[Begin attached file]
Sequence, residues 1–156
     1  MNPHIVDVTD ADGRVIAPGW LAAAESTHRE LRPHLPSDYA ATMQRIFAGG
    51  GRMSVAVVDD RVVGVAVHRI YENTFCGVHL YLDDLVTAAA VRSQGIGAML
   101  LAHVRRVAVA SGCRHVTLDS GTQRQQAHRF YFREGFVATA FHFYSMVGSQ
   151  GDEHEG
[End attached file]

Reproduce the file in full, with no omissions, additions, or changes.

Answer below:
Sequence, residues 1–156
     1  MNPHIVDVTD ADGRVIAPGW LAAAESTHRE LRPHLPSDYA ATMQRIFAGG
    51  GRMSVAVVDD RVVGVAVHRI YENTFCGVHL YLDDLVTAAA VRSQGIGAML
   101  LAHVRRVAVA SGCRHVTLDS GTQRQQAHRF YFREGFVATA FHFYSMVGSQ
   151  GDEHEG